Our primary focus for the coming year is completion of the entire GVCS (50 tools) by year-end 2012. Starting January 1, 2012, we will be engaging in full-time project management, under the assumption that funding continues to grow at its current rate. At that time, we will be managing 12 projects at once, with one-month prototyping schedules going through three prototype iterations for each machine. This will be in conjunction with a CAD, design, and fabrication team on site at Factor e Farm (our on-site location), where we will test our machines as well. For each machine, we will also demonstrate economic significance by engaging in production and field-testing.

For each machine, we will include the following: (1) design rationale; (2) 3D CAD files; (3) 2D fabrication drawings; (4) CAE analyses; (5) CAM files (where applicable); (6) exploded parts diagrams; (7) bills of materials and sourcing information; (8) scaling calculations; (9) A-Z instructionals; and (10) cost and performance comparisons to industry standards. All documentation is openly available on our website, along with high-quality video tutorials showing how to fabricate the machinery. The website also includes a community-developed wiki, online forum, and blog.

In order to produce and test plans for using and integrating the machinery, January 1, 2013, will mark the kickoff of the social experiment: testing if it is possible to create a materially-prosperous community, whether right here at Factor e Farm or in the heart of Africa, that enjoys one to two hour per day work requirements to provide a modern standard of living (including the ability to trade), via wise use of productive technology, while at the same time avoiding contribution to geopolitical compromises.

The basic social contract for the proposed community at Factor e Farm is a Post-Scarcity, Open Source Enterprise Community. Participants in our village will be treated as enterprise partners who provide for village needs (modern standard of living at 2 hours per day of work), while generating sufficient surplus toward carrying out the OSE mission of open-sourcing the entire economy. Our particular social experiment has the stated goal of developing a post-scarcity economy option in parallel to the mainstream system. We are interested in lowering the barriers to entry to a lifestyle option for unleashing freedom and pursuit of happiness – for anyone interested in such a lifestyle.

In conjunction with the development of distance-learning opportunities for communities globally, we are also developing training facilities where people can receive practical experience building and using the equipment. Trainees can then return to their respective regions to implement the distributed-enterprise model and train others. Further, our educational outreach will include sending teachers to train people in other areas of the world, using open-source curriculum, where communities are interested in adopting these practices.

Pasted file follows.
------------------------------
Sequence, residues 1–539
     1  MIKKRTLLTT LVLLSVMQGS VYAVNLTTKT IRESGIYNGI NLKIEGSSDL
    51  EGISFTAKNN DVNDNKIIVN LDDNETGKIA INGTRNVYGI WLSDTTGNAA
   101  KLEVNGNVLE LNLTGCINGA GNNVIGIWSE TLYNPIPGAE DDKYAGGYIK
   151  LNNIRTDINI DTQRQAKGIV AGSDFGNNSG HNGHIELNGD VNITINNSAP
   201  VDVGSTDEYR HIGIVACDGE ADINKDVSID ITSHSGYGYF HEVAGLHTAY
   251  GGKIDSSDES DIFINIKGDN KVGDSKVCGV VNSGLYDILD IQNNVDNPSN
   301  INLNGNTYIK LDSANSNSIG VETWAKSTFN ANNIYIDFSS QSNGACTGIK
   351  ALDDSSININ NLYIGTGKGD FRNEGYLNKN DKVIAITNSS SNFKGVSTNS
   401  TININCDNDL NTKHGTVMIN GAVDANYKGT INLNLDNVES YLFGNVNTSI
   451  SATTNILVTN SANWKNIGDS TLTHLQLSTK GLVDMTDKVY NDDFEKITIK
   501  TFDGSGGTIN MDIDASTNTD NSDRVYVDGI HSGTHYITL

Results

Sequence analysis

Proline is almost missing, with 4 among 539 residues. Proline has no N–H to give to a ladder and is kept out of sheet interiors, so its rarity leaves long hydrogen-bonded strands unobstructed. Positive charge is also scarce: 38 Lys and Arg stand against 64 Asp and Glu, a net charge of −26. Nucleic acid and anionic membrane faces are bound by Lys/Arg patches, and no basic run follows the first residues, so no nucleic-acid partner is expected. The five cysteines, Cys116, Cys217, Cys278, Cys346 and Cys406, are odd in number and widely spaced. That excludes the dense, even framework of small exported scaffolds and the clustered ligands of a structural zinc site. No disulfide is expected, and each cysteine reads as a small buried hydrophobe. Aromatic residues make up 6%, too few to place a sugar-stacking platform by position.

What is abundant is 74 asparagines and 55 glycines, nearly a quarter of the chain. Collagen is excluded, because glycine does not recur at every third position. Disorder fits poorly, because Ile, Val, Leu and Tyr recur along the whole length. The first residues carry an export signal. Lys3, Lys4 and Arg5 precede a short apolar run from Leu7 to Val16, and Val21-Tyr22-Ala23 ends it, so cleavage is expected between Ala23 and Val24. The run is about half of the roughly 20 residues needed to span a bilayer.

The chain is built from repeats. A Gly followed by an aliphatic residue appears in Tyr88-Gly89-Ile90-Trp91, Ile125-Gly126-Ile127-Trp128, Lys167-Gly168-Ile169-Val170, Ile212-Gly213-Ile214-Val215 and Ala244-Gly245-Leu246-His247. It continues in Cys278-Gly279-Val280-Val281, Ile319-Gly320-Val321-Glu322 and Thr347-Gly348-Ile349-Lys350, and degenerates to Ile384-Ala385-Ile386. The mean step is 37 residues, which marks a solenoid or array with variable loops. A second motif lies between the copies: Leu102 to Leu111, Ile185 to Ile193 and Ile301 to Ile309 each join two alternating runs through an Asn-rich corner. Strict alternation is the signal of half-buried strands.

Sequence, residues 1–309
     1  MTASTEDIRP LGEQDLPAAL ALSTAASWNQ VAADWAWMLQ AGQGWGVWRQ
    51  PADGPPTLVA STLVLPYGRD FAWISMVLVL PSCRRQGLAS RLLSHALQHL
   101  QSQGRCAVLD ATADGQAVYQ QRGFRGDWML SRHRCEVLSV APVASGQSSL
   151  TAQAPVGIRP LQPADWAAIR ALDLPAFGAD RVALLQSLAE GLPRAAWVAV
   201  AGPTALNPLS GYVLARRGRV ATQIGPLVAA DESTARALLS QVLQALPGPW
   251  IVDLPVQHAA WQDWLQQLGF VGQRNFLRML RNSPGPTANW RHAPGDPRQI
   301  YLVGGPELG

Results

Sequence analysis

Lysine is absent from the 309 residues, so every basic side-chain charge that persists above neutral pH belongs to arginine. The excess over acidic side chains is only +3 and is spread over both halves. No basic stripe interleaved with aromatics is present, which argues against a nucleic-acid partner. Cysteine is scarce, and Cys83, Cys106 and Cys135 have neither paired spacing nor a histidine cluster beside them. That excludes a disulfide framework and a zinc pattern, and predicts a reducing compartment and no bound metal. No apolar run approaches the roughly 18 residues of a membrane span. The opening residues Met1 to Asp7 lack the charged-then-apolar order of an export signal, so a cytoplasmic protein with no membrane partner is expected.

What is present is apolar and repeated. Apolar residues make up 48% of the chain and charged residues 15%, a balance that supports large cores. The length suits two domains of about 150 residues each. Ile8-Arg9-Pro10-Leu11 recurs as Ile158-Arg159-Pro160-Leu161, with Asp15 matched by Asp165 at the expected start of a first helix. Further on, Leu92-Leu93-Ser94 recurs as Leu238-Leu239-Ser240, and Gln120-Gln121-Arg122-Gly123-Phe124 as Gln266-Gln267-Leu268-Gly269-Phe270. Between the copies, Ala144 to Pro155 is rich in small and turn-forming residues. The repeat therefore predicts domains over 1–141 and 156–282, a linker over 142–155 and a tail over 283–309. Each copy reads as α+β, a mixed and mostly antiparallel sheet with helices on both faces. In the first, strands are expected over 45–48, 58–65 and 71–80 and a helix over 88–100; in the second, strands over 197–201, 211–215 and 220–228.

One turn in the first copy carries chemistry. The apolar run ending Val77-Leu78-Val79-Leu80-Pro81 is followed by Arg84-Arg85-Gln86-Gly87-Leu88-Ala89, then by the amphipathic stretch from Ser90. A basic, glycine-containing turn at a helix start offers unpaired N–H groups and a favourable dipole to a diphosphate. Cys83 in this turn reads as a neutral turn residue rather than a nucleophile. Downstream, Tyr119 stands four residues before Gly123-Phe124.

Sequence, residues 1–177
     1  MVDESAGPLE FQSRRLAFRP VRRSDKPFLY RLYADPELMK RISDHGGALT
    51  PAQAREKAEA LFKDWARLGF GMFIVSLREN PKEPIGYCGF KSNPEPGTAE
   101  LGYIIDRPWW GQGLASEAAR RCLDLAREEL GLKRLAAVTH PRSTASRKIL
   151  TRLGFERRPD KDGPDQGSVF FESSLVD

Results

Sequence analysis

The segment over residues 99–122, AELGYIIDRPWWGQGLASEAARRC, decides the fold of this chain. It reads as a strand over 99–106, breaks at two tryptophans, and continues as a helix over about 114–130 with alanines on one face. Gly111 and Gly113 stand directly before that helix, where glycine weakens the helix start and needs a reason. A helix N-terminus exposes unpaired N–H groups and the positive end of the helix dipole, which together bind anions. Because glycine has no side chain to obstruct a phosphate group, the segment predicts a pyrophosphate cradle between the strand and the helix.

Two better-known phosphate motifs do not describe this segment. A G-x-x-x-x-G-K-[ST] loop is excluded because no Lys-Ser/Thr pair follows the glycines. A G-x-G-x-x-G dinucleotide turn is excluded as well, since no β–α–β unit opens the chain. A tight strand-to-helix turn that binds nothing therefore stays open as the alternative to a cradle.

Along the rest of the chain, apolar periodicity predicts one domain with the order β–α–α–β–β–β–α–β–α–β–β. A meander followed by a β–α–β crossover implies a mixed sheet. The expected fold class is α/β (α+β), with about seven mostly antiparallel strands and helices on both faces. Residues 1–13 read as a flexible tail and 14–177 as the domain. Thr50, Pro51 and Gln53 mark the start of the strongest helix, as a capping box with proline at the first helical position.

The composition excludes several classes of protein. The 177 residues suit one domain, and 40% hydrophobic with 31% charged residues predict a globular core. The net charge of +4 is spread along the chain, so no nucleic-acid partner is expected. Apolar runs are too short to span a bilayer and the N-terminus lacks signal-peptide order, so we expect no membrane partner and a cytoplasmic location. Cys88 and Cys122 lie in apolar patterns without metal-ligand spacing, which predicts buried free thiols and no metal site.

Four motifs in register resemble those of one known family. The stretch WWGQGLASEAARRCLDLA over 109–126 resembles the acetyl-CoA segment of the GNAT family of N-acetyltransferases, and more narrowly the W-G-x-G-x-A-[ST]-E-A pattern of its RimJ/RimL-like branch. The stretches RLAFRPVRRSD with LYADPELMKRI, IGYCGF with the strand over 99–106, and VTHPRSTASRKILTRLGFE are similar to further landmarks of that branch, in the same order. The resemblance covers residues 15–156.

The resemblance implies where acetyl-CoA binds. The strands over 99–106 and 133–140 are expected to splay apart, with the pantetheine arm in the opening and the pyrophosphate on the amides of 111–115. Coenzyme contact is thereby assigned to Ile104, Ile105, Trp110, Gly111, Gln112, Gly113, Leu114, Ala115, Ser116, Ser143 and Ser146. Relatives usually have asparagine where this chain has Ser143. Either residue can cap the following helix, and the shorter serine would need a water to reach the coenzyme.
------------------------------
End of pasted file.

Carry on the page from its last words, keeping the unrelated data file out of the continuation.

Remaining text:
Concerning tangible results, by this year's end, we will deliver the OSE Christmas Gift to the World: (1) product releases of the Tractor, Compressed Earth Brick Press, Soil Pulverizer, and Hydraulic Power Unit, having completed three prototypes for all these machines; (2) thorough documentation of these four tools to make replication a straightforward reality; and (3) extensive field testing of this equipment to demonstrate efficient, high-performance construction techniques with these tools within the context of building our training facility infrastructure. Please refer to Marcin Jakuboski’s TED Talk and the Open Source Ecology website to view videos of our production and testing of these machines.

We also recently finalized a Kickstarter campaign to raise $40,000 for the creation of the Global Village Construction Set and received an anonymous donation for $60,000 that we are using to fund construction of our production and training facilities. Our other sources of income have included our True Fan campaign, where supporters are asked to give $10/month. We currently have over 400 True Fan’s, and that has been our bread and butter while we establish our organizational foundation. Our fundraising strategy is expanding to include a development team of experienced grant writers, who are working together to create a list of foundations that we will invite to work with us in the coming year.

Since many of our outputs and outcomes are tangible products, tracking our progress is fairly straightforward. We have established a ten-point standard for the GVCS : open-source, low-cost, modular, user-serviceable, do it yourself, closed loop manufacturing, high performance, flexible fabrication, distributive economics, and industrial efficiency. Furthermore, given the collaborative nature of open source design, quality control essentially takes place with multiple redundancies.

We aim to generate data points on the feasibility of the 2013 social experiment as well, as a foundation for a realistic option for living in parallel to the mainstream of advanced civilization. These data points are: practical work requirements in hours; level of technology achieved; sufficiency of local resources; happiness, satisfaction, and meaning found in the population. We predict that this will be a grave but tractable challenge, with some inherent obscurity around the metrics, but the general outcomes that we’d like to see are clear enough: we aim to create a self-sufficient community model with a grassroots economy that enjoys a standard of living comparable to that found in modern society.